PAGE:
15 February 2015

A Closer Look at the 2015 Best Picture Nominees

Here we are folks, a week out, so it's time to check out the big prize - the category that everyone really cares about and the one that will join eighty-six other films in the immortal ranks of cinema history. Best Picture. For your own reference, you can check out our looks at the actors, screenplays, and directors, along with all the other crap here. So let's get into Best Picture, ranked from least likely to most likely to walk home a winner:


We'll start with the biggest outside shot. Whiplash is a well-liked film that has a solid amount of support but it's not quite Best Picture material. It's a bit left of mainstream and a showcase for really authentic character work rather than the kind of industry-friendly narrative the Academy usually likes. Damien Chazelle is so young no one will really feel bad for him missing out, same for Miles Teller. J.K. Simmons is already a lock for Best Supporting Actor and I still think it could make some waves in Adapted Screenplay, but it won't earn Best Picture.

The Imitation Game

There is some chance that The Imitation Game pulls out a very unexpected win. It's a Weinstein film that everyone's parents seem to enjoy and it's totally in the vein of a The King's Speech (2010)-sort of classic historical persecution story that transcends some of those trappings to showcase a bunch of well-known up and coming actors giving their best work in years. It's all a little on-the-nose, and Oscar seems to more often than not anathema to such blatant attempts to court it. This could very well walk away with nothing, or maybe it really surprises with the kind of win that isn't actually surprising at all.


For all the rage against Selma's lack of deserving nominations this year, I think pundits tend to forget it is a Best Picture nominee. And maybe all that anger at injustice is enough to knock out an upset here. The support does seem more niche than mainstream, though, and the lack of nominations in the first place is a fair indicator of the Academy's general indifference, especially when there's so many nice, wholesome white nominees this year that are far more tempting to vote for. An unbelievable win here would be an incredible sign of the times and a huge reparation for its lack of other nominations, but those chances seem slim.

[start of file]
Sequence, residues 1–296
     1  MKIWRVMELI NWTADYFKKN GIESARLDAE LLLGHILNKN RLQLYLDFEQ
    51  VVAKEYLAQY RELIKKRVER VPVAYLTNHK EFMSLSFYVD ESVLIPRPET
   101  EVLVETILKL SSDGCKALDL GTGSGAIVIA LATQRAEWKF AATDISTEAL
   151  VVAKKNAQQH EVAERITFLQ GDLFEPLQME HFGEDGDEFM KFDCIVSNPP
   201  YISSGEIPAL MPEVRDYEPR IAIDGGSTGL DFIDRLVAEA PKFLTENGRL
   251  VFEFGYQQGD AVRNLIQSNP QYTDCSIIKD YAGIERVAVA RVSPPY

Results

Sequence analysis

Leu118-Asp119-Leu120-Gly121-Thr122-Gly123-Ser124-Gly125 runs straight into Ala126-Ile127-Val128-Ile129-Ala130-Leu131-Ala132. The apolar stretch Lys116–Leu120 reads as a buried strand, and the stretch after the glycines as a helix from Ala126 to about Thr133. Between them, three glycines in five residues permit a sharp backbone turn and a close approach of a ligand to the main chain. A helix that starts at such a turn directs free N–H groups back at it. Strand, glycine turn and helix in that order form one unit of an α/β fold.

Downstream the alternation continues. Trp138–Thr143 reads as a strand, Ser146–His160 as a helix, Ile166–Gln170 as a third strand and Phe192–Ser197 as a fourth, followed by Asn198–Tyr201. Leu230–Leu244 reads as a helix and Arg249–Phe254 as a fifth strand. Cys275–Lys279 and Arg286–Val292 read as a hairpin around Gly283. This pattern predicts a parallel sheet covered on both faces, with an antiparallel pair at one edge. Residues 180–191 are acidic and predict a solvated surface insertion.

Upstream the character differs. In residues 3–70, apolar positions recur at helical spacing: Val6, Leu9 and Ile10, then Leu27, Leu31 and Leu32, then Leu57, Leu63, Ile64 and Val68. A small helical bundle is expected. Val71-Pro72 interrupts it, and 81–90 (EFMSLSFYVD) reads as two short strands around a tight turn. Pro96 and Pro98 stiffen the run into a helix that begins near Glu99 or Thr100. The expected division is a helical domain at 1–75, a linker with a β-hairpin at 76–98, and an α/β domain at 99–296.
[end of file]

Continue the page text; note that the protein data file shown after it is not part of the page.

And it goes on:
American Sniper

There is hardly a film with less timely buzz here than American Sniper, and since it stands out as not only the most financially successful of every Best Picture nominee, but one that made its money very very recently, there's no counting it out. Whether for good or ill, and no matter what political side you're on, its controversy has also made it a pretty buzzed about topic as of late. Clint Eastwood is also a pretty familiar face for any Academy voter. So why doesn't it feel like a winner? Maybe it's its partisanship or controversy that the Academy wants to steer clear of, especially with all the heat it's taken already this year.

The Theory of Everything

This is the kind of movie that no one will really remember a year from now, or even six months from now, but it also fits so neatly into the kind of picture that the Academy loves. It's a strange year for those historical disability/persecution biography films that are almost over-the-top in their bid for Oscar's favor. The Theory of Everything is gaining more ground than even The Imitation Game, though, and if the charge for Ed Redmayne is legit over Keaton there could be enough support her for this to take it all. There is also a lot of support here and there, from Score to Screenplay. But the next three flicks just have too much momentum now.

The Grand Budapest Hotel

I think people are still counting this one out despite its solid awards wins so far and great buzz. Its resume includes a Golden Globe win over Birdman and big hauls for writing, including the WGAs. There is a sense of justifying this and the following two films, and voters seem to think that Wes Anderson finally deserves some recognition. It's also a beloved film that seems to kick the notion that voters only care for recent releases. In fact, its longevity seems to have helped it stick in peoples' minds for a long time, which also speaks to its quality. It's tough to say if this is Anderson's best film, but that doesn't totally matter - as long as it's the one that voters buy into enough to hand him Best Picture.


Birdman has DGA, PGA, and SAG wins, so wait, why are we even talking about Boyhood? Well, things don't always line-up, but if there's any film on this list that could make for an easy upset, it's this. It's a movie about movies, but not only that, it's about artistry and acting, in addition to being an extreme technical achievement. All of this should win over just about everyone and with a cast and production crew that is all incredibly likable and deserving, it really seems like a lock, if not for Boyhood matching it at nearly every turn.

Predicted Winner: Boyhood

The Best Drama Golden Globe went to Boyhood, and that along with its BAFTA is impressive enough, but it has also dominated a lot of critics circles while being equally as impressive a technical achievement as Birdman. It's also full of delicious acting to appease that branch and its enough of a classical family drama story for most of the Academy to get behind while being gimmicky enough to earn support from those looking for a more diverse Best Picture winner. I still think Boyhood is the safest bet to walk away with winning the whole thing, but to be honest, there's not a single film here whose win would surprise me.

So what do you think? It's actually a fairly interesting race this year, which is good for everybody. What's your pick for what the Academy thinks is the Best Picture this year?

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